m.expect!"foo"(6, "barstuff");
fun(m , 3, "bar");

Either call expect then verify or call expectCalled at the end:

fun(m, 3, "bar");
m.expectCalled!"foo"(6, "barstuff");

The return value is T.init unless returnValue is called (it's variadic):

m.returnValue!"foo"(2, 3, 4);
assert(fun(m, 3, "bar") == 2);
assert(fun(m, 3, "bar") == 3);
assert(fun(m, 3, "bar") == 4);
assert(fun(m, 3, "bar") == 0);

Structs can also be mocked:

int fun(T)(T f, int i, string s) { return f.foo(i * 2, s ~ "stuff"); }
auto m = mockStruct(2, 3, 4); // the ints are return values
assert(fun(m, 3, "bar") == 2);
m.expectCalled!"foo"(6, "barstuff");

Command-line Parameters

There is support for debug prints in the tests with the -d switch. This is only supported in single-threaded mode (-s). Setting -d without -s will trigger a warning followed by the forceful use of -s. TestCases and test functions can print debug output with the function writelnUt available here.

Tests can be run in random order instead of in threads. To do so, use the -r option. A seed will be printed so that the same run can be repeated by using the --seed option. This implies running in a single thread.

Integration tests and a sandbox environment

If you want to write tests that read from and write to the file system, you can use the Sandbox struct from unit_threaded.integration like so:

with(immutable Sandbox()) {
    writeFile("foo.txt", "foobarbaz\ntoto"); // can also pass string[] for lines
    shouldEqualLines("foo.txt", ["foobarbaz", "toto"]);

By default the sandbox main path is tmp/unit-threaded but you can change that by calling Sandbox.setPath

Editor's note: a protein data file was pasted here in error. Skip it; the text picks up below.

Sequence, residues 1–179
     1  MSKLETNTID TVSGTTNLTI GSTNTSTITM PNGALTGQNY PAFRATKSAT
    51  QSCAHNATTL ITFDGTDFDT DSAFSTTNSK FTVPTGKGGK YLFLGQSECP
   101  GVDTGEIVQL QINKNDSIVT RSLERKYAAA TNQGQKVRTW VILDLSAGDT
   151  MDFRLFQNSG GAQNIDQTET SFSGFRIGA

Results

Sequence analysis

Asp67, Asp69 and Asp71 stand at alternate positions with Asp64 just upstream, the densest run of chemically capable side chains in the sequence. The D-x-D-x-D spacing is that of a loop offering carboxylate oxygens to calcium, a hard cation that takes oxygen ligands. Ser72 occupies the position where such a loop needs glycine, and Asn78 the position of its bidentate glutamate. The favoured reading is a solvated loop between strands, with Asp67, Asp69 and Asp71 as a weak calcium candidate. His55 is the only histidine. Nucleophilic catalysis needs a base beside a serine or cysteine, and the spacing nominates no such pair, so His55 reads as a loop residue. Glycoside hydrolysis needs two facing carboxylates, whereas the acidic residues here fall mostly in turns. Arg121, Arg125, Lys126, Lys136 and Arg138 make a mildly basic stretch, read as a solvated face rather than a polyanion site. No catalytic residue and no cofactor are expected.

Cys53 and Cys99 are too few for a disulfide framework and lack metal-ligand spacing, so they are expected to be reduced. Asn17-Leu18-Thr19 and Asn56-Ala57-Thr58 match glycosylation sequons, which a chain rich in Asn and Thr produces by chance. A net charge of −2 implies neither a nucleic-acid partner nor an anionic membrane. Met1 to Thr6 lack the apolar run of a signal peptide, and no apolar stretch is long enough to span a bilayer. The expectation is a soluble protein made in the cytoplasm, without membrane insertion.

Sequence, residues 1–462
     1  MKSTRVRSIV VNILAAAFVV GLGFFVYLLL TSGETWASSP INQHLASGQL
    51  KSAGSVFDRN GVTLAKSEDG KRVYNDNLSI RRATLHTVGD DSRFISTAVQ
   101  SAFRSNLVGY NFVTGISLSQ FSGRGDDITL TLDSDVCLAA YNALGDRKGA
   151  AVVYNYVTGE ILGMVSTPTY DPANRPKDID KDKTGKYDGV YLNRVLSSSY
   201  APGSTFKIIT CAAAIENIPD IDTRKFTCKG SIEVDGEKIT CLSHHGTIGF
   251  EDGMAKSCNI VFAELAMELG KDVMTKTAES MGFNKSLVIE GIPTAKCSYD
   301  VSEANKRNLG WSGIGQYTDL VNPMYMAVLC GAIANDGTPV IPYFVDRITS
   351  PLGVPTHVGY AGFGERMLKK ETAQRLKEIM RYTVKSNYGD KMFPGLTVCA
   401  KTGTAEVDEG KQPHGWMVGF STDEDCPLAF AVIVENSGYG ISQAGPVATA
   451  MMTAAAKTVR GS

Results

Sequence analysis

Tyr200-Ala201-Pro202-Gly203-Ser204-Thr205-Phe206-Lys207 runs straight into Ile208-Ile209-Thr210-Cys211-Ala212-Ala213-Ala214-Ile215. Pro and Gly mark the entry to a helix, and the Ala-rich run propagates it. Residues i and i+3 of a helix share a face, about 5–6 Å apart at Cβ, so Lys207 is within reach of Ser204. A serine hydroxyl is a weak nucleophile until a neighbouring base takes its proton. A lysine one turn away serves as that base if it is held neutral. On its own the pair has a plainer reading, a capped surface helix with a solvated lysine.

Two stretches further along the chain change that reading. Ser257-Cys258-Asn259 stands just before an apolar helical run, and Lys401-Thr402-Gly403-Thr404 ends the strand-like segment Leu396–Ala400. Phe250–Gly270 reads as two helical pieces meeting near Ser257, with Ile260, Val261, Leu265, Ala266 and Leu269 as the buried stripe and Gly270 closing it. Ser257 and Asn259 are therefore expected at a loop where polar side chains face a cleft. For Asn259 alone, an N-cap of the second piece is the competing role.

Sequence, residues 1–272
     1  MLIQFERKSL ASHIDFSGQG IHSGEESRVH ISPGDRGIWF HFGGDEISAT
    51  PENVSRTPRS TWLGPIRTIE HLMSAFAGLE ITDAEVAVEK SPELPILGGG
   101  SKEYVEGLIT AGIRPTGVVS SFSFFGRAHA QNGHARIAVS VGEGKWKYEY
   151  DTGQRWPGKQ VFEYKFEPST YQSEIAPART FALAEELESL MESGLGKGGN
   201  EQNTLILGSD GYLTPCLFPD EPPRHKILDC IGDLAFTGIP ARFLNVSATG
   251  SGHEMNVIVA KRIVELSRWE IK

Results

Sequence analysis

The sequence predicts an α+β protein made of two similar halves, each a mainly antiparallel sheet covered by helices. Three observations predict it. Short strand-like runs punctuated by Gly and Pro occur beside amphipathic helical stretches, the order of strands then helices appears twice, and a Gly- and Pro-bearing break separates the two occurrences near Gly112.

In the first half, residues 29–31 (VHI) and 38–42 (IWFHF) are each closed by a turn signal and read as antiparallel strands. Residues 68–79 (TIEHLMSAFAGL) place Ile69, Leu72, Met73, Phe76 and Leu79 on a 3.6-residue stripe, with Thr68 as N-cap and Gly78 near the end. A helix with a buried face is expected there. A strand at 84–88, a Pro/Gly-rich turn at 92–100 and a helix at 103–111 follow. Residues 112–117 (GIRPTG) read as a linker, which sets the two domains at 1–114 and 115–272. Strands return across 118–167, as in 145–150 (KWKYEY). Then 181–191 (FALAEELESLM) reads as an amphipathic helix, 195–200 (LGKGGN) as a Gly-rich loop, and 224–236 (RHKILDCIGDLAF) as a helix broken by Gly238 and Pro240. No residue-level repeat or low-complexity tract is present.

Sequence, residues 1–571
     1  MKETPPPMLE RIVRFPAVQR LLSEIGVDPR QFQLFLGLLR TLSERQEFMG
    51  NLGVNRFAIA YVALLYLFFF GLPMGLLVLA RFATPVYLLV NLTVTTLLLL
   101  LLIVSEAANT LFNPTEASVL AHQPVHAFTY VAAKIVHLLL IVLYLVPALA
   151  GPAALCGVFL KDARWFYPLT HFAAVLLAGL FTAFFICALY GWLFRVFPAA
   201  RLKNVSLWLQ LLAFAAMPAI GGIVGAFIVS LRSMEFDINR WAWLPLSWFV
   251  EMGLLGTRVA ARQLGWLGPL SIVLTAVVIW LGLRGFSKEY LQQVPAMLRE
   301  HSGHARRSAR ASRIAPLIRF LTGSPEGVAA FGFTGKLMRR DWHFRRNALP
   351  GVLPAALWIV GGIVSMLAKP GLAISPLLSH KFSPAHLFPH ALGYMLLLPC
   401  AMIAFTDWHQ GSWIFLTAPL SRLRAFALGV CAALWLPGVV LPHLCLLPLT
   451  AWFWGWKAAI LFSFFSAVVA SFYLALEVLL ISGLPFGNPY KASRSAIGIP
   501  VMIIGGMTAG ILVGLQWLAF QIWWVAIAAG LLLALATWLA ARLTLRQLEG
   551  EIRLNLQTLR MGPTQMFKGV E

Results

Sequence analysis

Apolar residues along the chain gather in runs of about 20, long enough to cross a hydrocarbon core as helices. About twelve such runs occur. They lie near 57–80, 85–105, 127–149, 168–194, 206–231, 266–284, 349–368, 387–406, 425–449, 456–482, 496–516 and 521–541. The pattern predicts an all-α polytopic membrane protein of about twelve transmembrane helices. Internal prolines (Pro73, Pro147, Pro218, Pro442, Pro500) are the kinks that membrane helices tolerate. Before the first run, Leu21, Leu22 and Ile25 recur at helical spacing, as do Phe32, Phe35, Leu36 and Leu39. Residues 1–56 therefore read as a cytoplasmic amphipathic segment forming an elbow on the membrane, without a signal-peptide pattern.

Test Registration and Test Runner

There are two example programs in the example folder, one with passing unit tests and the other failing, to show what the output looks like in each case. Because of the way D packages work, they must be run from the top-level directory of the repository.

The built-in D unittest blocks are included automatically, as seen in the output of both example programs (example.tests.pass_tests.unittest and its homologue in example_fail). A name will be automatically generated for them. The user can specify a name by decorating them with a string UDA or the included @Name UDA.

The easiest way to run tests is by doing what the example code does: calling runTests() in runner.d with the modules containing the tests as compile-time arguments. This can be done as symbols or strings, and the two approaches are shown in the examples.

There is no need to register tests. The registration is implicit and happens with:

  • D's unittest` blocks
  • Functions with a camelCase name beginning with test (e.g. testFoo())
  • Classes that derive from TestCase and override test()

The modules to be reflected on must be specified when calling runTests, but that's usually done as shown in the dub configuration above. Private functions are skipped. TestCase also has support for setup() and shutdown(), child classes need only override the appropriate functions(s).

Don't like the algorithm for registering tests? Not a problem. The attributes @UnitTest and @DontTest can be used to opt-in or opt-out. These are used in the examples. Tests can also be hidden with the @HiddenTest attribute. This means that particular test doesn't get run by default but can still be run by passing its name as a command-line argument. HiddenTest takes a compile-time string to list the reason why the test is hidden. This would usually be a bug id but can be anything the user wants.

Since D packages are just directories and there the compiler can't read the filesystem at compile-time, there is no way to automatically add all tests in a package. To mitigate this and avoid having to manually write the name of all the modules containing tests, a dub configuration called gen_ut_main runs unit-threaded as a command-line utility to write the file for you.

  • dunit: xUnit Testing Framework for D
  • DMocks-revived: a mock-object framework that allows to mock interfaces or classes
  • deject: automatic dependency injection
  • specd: a unit testing framework inspired by specs2 and ScalaTest
  • DUnit: a toolkit of test assertions and a template mixin to enable mocking
  • Atila Neves
2.2.0 2024-May-28
2.1.9 2024-Jan-23
2.1.8 2023-Nov-02
2.1.7 2023-Jul-31
2.1.6 2023-Apr-25